• If we identify the condition before a mail delivery has started (i.e. in acl_connect or acl_helo), we use the connection-persistent variable $acl_c0

    • Once a mail transaction has started (i.e. after the MAIL FROM: command), we copy any contents from $acl_c0 into the message-specific variable $acl_m0, and use the latter from this point forward. This way, any conditions identified in this particular message will not affect any subsequent messages received in the same connection.

    Also, we store a corresponding log message in $acl_c1 or $acl_m1, in a similar manner.

  • If we come across a condition that does not warrant an outright rejection, we only store a warning message in $acl_c1 or $acl_m1. Once a mail transaction has started (i.e. in acl_mail_from), we add any content in this variable to the message header as well.

  • If we decide to accept a message without regard to the results of any subsequent checks (such as a SpamAssassin scan), we set a flag in $acl_c0 or $acl_m0, but $acl_c1 and $acl_m1 empty.

  • At the beginning of every ACL to and including acl_mail_from, we record the current timestamp in $acl_m2. At the end of the ACL, we use the presence of $acl_c1 or $acl_m1 to trigger a SMTP transaction delay until a total of 20 seconds has elapsed.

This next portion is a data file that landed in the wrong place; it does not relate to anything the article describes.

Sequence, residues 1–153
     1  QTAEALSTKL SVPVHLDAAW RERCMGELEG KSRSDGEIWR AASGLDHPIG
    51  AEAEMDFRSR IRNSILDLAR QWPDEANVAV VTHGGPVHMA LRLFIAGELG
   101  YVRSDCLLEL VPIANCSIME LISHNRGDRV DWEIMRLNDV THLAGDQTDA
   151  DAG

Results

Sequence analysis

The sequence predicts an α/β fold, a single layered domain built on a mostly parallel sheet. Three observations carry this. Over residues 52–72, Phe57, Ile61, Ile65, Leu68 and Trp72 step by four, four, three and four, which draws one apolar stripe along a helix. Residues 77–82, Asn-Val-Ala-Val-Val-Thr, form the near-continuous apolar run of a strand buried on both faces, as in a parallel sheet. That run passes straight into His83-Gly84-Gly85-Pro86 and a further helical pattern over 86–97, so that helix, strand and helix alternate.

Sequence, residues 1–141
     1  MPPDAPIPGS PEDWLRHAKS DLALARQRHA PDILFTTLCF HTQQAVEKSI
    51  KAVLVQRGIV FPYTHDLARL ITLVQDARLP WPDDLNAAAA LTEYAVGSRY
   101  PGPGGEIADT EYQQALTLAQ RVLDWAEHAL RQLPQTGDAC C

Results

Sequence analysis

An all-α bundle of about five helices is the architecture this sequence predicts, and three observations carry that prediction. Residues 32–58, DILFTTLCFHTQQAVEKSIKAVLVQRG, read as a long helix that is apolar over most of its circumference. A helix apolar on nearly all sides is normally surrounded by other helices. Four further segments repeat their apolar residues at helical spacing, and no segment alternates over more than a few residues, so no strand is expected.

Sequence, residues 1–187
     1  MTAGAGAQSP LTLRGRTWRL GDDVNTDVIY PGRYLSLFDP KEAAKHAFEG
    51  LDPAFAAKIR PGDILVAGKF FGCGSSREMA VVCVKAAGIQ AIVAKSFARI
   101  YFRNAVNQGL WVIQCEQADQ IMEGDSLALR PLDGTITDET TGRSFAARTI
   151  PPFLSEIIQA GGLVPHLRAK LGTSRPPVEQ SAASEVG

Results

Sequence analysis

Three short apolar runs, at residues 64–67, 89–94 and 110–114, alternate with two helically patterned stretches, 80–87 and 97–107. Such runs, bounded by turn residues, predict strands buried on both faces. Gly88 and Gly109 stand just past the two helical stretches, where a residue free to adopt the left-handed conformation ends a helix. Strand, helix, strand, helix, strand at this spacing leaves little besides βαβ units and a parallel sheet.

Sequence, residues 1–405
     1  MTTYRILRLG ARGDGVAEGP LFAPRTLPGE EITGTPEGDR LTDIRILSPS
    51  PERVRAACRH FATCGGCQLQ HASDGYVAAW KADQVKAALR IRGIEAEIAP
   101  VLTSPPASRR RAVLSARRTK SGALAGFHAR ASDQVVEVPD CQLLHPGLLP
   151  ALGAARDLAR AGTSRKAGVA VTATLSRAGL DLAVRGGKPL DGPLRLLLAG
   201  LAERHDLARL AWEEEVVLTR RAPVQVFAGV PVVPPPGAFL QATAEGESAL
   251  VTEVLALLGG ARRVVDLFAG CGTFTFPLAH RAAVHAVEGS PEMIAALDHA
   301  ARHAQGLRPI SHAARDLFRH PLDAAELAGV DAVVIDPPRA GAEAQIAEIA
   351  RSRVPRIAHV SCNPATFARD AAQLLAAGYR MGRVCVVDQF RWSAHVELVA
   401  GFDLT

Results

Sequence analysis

The following table summarizes our use of these variables:

Table A-1. Use of ACL connection/message variables

Variables: $acl_[cm]0 unset $acl_[cm]0 set
$acl_[cm]1 unset (No decision yet) Accept the mail
$acl_[cm]1 set Add warning in header Reject the mail

As an example of this approach, let us consider two checks that we do in response to the Hello greeting; one that will reject mails if the peer greets with an IP address, and one that will warn about an unverifiable name in the greeting. Previously, we did both of these checks in acl_rcpt_to - now we move them to the acl_helo ACL.


acl_helo:
  # Record the current timestamp, in order to calculate elapsed time
  # for subsequent delays
  warn
    set acl_m2  = $tod_epoch


  # Accept mail received over local SMTP (i.e. not over TCP/IP).  
  # We do this by testing for an empty sending host field.
  # Also accept mails received from hosts for which we relay mail.
  #
  accept
    hosts       = : +relay_from_hosts


  # If the remote host greets with an IP address, then prepare a reject
  # message in $acl_c0, and a log message in $acl_c1.  We will later use
  # these in a "deny" statement.  In the mean time, their presence indicate
  # that we should keep stalling the sender.
  # 
  warn
    condition   = ${if isip {$sender_helo_name}{true}{false}}